This was my first read of 2018! This is one that has been staring at me from the library shelf. But lately, but "thing" has been audiobooks through the library. When I saw that it was available through my digital library, I checked it out right away.
I think this book is meant for younger readers, but I honestly didn't care. It just didn't make a difference. I find books surrounding the topic of grief fascinating just because grief can look like so many different things. It's kind of a strange thing to find fascinating, but if I'm being honest, ever since my Uncle Mark passed away several years ago, I've had this silent search for reads related to mourning, since my mourning period in that instance did not feel normal in the least. And the relationship between Jamie and his sister is supposed to be much closer and yet there is this dissonance after her death that I just find so interesting.
I really appreciated Jamie's navigation through a family's grief of a family member. Their group grief was another interesting thing because, for the longest time, they acted as though Jamie's sister was still alive. For me, that was different and uncomfortable enough experience that I definitely sided with Jamie whenever there was a fight about speaking about Rose like she wasn't there. It didn't feel like a healthy coping mechanism, but I recognize that people respond to a death, particularly a death that was close to them, in numerous ways. So I guess this was a reminder to me that grieving takes time and it's not going to look the same from death to death. And generally speaking, that's okay.
I give 'My Sister Lives On The Mantelpiece':
I did appreciate the telling of what it was like to live during the civil rights movement in a more conservative home and how it's important to stand up for what you know is right and just. That much came through to me. But... yeah, listening to this book just fell completely flat for me. And now that I'm writing this review months after I actually listened to this book (again, this may be enough downfall for me), I think it's telling that there's not really much that I held on too long after reading this.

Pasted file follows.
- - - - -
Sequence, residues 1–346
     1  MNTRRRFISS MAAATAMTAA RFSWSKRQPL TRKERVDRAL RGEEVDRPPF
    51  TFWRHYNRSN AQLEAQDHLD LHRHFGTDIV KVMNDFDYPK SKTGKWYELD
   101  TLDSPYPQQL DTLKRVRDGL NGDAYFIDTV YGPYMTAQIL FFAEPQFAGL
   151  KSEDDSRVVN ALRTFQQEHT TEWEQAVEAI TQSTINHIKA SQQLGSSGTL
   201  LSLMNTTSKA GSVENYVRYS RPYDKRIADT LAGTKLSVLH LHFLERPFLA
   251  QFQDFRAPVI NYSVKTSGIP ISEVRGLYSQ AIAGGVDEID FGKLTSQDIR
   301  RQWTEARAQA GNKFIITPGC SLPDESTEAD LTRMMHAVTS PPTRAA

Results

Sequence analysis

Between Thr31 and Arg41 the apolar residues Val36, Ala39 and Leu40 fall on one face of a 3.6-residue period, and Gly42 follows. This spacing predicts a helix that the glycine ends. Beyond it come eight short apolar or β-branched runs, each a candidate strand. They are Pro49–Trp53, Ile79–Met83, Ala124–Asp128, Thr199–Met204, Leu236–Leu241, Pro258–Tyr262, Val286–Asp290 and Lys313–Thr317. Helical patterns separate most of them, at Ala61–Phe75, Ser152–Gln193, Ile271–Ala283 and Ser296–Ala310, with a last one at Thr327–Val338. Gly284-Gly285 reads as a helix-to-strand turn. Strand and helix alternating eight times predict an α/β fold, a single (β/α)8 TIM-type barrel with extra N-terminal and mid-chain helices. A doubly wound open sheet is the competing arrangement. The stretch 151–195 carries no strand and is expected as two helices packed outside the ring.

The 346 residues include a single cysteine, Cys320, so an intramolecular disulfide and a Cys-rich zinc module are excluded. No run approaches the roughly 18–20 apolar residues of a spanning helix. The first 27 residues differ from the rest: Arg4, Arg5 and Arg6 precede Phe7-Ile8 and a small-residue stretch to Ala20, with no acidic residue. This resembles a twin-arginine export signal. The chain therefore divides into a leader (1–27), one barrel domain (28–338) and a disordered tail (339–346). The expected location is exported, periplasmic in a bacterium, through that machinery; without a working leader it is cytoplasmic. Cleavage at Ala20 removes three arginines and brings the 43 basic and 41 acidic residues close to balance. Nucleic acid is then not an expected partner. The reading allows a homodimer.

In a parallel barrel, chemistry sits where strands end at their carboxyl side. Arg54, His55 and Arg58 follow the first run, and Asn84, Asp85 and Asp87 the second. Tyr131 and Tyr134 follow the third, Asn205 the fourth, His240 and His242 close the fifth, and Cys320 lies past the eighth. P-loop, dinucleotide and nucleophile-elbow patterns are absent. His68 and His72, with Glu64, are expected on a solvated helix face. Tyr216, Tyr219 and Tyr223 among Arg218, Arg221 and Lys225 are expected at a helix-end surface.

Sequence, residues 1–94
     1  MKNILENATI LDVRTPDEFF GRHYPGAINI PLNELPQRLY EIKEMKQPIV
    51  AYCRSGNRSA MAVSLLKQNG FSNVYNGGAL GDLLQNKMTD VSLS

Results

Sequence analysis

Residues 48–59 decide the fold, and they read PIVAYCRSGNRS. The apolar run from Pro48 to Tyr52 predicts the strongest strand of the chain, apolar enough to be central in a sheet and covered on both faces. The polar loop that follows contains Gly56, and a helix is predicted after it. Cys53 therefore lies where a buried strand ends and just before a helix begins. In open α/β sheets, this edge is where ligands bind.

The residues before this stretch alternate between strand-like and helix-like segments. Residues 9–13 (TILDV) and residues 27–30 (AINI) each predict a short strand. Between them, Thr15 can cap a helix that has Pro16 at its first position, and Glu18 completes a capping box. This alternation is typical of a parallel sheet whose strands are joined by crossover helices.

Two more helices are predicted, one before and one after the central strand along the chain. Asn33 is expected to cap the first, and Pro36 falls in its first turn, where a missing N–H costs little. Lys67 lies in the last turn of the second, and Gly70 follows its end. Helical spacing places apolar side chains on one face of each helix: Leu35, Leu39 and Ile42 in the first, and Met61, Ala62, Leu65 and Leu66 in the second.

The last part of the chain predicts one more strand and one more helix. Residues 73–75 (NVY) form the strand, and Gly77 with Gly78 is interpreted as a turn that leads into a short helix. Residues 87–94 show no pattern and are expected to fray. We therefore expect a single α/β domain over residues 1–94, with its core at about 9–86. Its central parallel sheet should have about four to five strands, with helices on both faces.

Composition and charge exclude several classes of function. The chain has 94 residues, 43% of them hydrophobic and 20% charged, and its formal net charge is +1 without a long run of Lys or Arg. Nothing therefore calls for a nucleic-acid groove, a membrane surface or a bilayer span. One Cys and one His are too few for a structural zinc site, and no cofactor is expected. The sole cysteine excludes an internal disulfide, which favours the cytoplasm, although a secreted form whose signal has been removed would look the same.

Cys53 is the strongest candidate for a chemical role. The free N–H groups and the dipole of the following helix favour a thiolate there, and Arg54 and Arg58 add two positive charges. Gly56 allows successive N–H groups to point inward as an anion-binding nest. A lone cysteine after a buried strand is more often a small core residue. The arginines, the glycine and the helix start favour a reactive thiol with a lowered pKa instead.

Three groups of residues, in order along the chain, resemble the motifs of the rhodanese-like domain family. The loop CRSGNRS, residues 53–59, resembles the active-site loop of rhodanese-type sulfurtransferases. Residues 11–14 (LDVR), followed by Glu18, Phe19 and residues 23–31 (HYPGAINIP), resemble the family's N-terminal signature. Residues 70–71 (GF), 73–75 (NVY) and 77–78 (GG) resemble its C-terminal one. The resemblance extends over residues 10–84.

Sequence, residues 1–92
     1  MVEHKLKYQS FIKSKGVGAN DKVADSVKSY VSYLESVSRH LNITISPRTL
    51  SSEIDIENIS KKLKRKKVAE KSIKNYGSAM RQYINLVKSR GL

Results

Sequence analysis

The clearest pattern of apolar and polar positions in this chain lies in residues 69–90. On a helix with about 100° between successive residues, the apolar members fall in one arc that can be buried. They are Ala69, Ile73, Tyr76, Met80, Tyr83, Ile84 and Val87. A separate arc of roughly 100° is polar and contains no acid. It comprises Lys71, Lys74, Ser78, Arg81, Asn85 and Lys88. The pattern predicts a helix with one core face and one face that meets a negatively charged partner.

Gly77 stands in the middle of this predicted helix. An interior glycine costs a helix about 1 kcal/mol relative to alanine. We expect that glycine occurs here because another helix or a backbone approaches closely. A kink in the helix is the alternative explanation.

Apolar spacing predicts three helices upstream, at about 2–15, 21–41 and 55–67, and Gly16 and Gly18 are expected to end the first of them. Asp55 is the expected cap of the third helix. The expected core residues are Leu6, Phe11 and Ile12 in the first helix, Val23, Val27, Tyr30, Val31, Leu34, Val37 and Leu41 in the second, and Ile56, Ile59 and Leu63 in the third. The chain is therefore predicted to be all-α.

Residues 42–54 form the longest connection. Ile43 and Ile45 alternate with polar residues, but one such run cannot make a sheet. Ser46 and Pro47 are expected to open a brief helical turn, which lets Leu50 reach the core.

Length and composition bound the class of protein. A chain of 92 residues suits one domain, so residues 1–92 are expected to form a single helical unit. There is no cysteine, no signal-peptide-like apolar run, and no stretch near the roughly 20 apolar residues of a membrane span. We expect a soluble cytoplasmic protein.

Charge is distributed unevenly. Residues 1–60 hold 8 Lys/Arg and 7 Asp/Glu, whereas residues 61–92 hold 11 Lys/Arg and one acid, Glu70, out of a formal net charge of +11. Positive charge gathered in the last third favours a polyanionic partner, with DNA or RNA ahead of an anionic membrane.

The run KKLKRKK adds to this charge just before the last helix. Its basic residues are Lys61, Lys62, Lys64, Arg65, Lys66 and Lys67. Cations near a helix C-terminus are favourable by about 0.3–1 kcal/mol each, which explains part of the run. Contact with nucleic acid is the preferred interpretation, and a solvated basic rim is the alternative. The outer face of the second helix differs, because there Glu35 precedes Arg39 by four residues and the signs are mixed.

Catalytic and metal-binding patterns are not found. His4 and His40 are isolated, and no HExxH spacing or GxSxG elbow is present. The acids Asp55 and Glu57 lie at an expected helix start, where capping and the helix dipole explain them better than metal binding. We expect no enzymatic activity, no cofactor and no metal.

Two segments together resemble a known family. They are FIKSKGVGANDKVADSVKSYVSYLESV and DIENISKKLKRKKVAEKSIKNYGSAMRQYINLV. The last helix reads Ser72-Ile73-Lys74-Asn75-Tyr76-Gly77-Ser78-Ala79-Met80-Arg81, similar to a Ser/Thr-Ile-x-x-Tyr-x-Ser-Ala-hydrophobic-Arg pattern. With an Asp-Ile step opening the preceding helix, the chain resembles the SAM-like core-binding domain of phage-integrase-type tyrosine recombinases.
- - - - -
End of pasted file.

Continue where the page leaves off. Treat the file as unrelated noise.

Ultimately, I think this is fine if you're looking for a short read but look for something else if you're looking for a more profound read that will stick with you for a while.
I give 'Letter to my Daughter':
This book was much more up my alley. I'm one of those people who likes to read about disorders. Admittedly, I thought this book was about an eating disorder which is what drew me in (I know, that sounds so terrible... I genuinely do find them interesting even though they're traumatic and heartbreaking). But this book was different and it got my attention.
Instead, this is a book about a girl named Ever who is overweight and goes through a process where her stomach is made smaller which will help her lose weight. I think part of the reason why I latched on is that I knew someone who went through this procedure and so I understood, on a very basic level, how this was supposed to work and what the results could be after a while. I think the author also went through this procedure and so she's writing from a place of knowledge and experience, which I was nervous about. I think if anyone else had written about Ever's weight loss surgery, it would have come off as preachy or... I guess as giving this impression that you have to be a smaller size at all costs, even if that means going under the knife.
Skinny, the voice in Ever's head was also what caught my attention. I think it did a nice job (for lack of a better word) of illustrating what goes through the heads of those who don't feel comfortable in their bodies, no matter what their actual size is, whether they have a diagnosed eating disorder or not.
I don't think I will buy this book to sit on my shelf, but I would consider making it available to my students in my classroom. That being said, I'm glad that I read this book.